1. Automated ML Model Training Pipelines in Azure DevOps


    To create an automated machine learning (ML) model training pipeline in Azure DevOps using Pulumi, we will set up an Azure DevOps project, define a Build pipeline that contains the steps to train an ML model, and create necessary service connections for accessing cloud resources. In our scenario, we will use Pulumi's azuredevops package to interact with the Azure DevOps services.

    Below is a Python program that demonstrates how to:

    1. Create an Azure DevOps project.
    2. Set up a Git repository in Azure DevOps for your ML code.
    3. Configure a service connection to Azure (if your training pipeline needs to interact with Azure services, such as Azure Machine Learning).
    4. Define a build pipeline YAML file that trains an ML model.
    5. Create a build definition in Azure DevOps that references the build pipeline YAML.

    First, we'll define the Azure DevOps project and repo:

    import pulumi import pulumi_azuredevops as azuredevops # Create an Azure DevOps project. project = azuredevops.Project("ml-project", description="Project for ML Model Training Pipeline", visibility="private", version_control="Git", work_item_template="Agile" ) # Initialize a Git repository within the Azure DevOps project. repo = azuredevops.Git("ml-repo", project_id=project.id, initialization=azuredevops.GitInitializationArgs( init_type="Clean" ) )

    Next, we would potentially define a service connection to interact with Azure resources (such as if deployment or training happens in Azure Machine Learning). In this example, the ServiceEndpointAzureRm is the resource representing the service connection to Azure Resource Manager. For simplicity, we assume service principal credentials are already provisioned:

    # Define the service connection to Azure Resource Manager (assuming you have service principal details). service_connection = azuredevops.ServiceEndpointAzureRm("ml-azure-service-connection", project_id=project.id, service_endpoint_name="AzureServiceConnection", credentials=azuredevops.ServiceEndpointAzureRmCredentialsArgs( service_principal_id="<service_principal_id>", service_principal_key="<service_principal_key>", tenant_id="<tenant_id>", subscription_id="<subscription_id>" ) )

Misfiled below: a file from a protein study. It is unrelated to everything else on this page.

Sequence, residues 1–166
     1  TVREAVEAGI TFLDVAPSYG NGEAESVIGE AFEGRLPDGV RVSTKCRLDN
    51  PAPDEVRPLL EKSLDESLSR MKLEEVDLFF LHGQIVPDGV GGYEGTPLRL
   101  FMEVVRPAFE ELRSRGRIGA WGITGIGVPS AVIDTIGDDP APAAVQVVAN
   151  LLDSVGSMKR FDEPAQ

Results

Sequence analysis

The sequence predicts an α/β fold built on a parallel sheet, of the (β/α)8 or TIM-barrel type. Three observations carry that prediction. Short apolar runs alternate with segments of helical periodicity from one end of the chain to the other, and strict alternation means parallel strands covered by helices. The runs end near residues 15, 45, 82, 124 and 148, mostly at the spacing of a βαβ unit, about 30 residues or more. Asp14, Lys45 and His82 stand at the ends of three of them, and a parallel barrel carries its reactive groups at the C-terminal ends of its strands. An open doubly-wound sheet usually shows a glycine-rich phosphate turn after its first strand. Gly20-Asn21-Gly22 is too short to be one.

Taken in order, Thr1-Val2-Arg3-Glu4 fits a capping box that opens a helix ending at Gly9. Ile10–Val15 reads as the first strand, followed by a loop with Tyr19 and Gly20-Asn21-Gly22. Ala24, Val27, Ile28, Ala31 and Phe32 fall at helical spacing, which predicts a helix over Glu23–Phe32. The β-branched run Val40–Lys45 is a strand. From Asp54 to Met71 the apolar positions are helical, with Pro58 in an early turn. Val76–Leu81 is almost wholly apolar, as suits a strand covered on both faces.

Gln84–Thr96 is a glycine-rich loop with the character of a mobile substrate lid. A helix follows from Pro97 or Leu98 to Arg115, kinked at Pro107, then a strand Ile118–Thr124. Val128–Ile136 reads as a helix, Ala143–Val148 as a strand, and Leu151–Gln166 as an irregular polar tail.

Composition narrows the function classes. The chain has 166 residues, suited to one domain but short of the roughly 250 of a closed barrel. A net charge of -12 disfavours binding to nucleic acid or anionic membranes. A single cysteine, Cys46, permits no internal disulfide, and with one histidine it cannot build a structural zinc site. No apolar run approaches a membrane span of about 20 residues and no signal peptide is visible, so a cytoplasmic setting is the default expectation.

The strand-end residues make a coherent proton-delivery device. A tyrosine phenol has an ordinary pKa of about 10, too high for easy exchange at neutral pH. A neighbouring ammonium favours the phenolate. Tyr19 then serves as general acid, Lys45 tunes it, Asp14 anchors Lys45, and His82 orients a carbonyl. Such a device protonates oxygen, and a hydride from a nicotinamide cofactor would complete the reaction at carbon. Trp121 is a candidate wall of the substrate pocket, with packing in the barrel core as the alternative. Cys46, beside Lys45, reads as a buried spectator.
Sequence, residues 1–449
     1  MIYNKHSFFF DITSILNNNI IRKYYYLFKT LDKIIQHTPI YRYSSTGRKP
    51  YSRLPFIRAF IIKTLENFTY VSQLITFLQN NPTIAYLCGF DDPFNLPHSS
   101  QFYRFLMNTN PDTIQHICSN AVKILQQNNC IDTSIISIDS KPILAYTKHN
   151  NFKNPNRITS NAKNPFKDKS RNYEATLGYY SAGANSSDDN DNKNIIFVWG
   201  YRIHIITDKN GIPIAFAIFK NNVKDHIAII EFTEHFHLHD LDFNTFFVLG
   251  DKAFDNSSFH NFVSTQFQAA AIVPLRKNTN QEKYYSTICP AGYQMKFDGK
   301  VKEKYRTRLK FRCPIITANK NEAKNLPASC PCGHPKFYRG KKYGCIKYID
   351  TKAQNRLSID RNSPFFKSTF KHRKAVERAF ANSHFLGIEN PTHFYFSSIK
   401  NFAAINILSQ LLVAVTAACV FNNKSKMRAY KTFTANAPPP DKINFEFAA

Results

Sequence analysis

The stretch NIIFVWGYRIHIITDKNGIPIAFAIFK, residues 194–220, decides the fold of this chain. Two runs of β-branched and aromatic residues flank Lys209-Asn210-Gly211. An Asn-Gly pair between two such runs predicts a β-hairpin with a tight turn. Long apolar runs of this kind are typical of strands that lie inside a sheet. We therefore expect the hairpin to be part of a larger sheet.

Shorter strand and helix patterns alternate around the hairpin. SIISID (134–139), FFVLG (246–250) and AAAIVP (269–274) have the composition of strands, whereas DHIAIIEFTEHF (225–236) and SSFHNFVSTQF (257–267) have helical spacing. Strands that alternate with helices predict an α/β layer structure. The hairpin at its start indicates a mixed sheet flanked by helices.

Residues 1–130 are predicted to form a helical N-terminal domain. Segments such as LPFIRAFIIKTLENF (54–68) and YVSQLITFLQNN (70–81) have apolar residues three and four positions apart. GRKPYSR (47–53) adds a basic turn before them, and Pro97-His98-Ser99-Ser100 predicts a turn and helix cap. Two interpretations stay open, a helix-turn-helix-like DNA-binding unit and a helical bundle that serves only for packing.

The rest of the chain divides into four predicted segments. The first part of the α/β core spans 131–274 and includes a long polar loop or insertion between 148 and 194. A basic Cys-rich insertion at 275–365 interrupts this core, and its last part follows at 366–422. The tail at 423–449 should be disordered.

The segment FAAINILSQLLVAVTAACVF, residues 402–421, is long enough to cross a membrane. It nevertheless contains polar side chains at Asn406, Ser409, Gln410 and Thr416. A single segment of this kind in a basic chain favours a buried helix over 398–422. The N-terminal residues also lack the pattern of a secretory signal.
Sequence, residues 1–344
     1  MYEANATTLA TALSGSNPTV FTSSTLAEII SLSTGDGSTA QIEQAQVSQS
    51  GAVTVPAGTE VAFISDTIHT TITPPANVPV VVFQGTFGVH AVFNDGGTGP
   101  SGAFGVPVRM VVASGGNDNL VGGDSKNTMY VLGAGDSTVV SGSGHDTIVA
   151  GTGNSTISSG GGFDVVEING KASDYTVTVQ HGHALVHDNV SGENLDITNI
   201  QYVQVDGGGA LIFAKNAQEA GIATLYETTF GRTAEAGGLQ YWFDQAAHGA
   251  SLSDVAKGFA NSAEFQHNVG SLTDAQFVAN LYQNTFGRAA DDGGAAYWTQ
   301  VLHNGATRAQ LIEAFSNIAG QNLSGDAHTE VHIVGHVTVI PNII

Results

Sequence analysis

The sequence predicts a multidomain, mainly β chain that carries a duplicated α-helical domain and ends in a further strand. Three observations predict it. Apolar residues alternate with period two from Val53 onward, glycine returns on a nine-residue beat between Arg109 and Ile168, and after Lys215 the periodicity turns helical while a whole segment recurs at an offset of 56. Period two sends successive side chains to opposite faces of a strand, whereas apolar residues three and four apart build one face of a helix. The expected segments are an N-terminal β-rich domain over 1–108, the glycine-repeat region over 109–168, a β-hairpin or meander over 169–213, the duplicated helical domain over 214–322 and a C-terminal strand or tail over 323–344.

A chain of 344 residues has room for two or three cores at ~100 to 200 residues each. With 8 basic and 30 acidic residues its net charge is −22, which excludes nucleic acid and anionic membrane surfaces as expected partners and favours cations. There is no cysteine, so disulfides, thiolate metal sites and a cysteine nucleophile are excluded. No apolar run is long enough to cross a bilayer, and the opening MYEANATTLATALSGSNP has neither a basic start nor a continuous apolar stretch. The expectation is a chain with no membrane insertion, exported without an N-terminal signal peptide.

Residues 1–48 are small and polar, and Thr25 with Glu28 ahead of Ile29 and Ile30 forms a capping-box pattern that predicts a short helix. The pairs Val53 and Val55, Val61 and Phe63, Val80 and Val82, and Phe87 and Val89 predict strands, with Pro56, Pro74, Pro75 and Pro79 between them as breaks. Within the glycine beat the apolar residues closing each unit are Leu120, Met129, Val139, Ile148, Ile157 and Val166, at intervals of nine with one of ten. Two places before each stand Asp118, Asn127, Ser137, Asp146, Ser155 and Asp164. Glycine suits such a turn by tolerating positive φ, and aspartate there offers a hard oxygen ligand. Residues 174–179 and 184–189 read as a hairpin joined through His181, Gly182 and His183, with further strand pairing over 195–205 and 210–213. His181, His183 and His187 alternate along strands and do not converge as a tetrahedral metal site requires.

(Please replace <service_principal_id>, <service_principal_key>, <tenant_id>, and <subscription_id> with your actual Azure service principal credentials.)

    Now, we'll create a build definition that includes a pipeline for training an ML model. We typically define the steps of the pipeline in a YAML file stored in the Git repository. The exact steps will depend on the ML framework and tools you're using, but here's a hypothetical example:

    trigger: - main pool: vmImage: 'ubuntu-latest' steps: - script: echo "Start ML model training pipeline" displayName: 'Run a one-line script' - script: | echo "Add ML training steps here" # Example: # pip install -r requirements.txt # python train_model.py displayName: 'Train ML Model'

    In Pulumi, we would reference this YAML file to create a build definition:

    # Create a build definition for the ML training pipeline using the YAML file from the repository. build_definition = azuredevops.BuildDefinition("ml-build-definition", project_id=project.id, repository=azuredevops.BuildDefinitionRepositoryArgs( repo_id=repo.id, repo_type="TfsGit", yml_path="path/to/your/azure-pipelines.yml" # Path to the YAML file in the repository. ), agent_pool_name="Azure Pipelines", ci_trigger=azuredevops.BuildDefinitionCiTriggerArgs( use_yaml=True ) )

    Finally, we'll export the project and repository details for reference:

    pulumi.export('project_name', project.name) pulumi.export('repository_id', repo.id) pulumi.export('build_definition_id', build_definition.id)

    The above code sets up the basic structure of an Azure DevOps environment for an ML training pipeline. The actual training steps will need to be defined according to the specifics of your ML project. The YAML file should include steps to install dependencies, run training scripts, validate the model, and potentially deploy it or store the trained model artifacts.

    Azure DevOps pipelines provide a robust platform for automating these kinds of workflows, making it easier for teams to integrate ML model training into their CI/CD processes. With Pulumi, managing the infrastructure and configuration as code makes this process reproducible and version-controlled.